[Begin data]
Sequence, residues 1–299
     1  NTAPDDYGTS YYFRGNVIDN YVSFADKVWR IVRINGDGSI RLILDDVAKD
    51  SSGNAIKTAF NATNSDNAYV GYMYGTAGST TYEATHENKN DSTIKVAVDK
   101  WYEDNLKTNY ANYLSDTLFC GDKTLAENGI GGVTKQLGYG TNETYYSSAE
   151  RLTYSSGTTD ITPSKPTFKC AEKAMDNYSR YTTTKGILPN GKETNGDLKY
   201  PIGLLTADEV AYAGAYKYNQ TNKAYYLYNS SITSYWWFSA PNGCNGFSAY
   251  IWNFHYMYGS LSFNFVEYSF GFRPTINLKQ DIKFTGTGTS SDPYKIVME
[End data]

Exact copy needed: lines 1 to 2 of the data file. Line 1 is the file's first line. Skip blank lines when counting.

Sequence, residues 1–299
     1  NTAPDDYGTS YYFRGNVIDN YVSFADKVWR IVRINGDGSI RLILDDVAKD